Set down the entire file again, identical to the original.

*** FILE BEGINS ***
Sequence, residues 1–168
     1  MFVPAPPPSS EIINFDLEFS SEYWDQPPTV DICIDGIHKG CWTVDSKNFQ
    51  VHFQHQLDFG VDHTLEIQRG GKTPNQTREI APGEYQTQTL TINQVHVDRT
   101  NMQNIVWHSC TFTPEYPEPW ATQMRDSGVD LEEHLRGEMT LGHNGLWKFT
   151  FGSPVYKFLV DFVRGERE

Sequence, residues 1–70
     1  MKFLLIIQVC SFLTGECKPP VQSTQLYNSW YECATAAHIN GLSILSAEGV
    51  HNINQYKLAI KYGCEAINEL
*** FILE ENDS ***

Sequence, residues 1–168
     1  MFVPAPPPSS EIINFDLEFS SEYWDQPPTV DICIDGIHKG CWTVDSKNFQ
    51  VHFQHQLDFG VDHTLEIQRG GKTPNQTREI APGEYQTQTL TINQVHVDRT
   101  NMQNIVWHSC TFTPEYPEPW ATQMRDSGVD LEEHLRGEMT LGHNGLWKFT
   151  FGSPVYKFLV DFVRGERE

Sequence, residues 1–70
     1  MKFLLIIQVC SFLTGECKPP VQSTQLYNSW YECATAAHIN GLSILSAEGV
    51  HNINQYKLAI KYGCEAINEL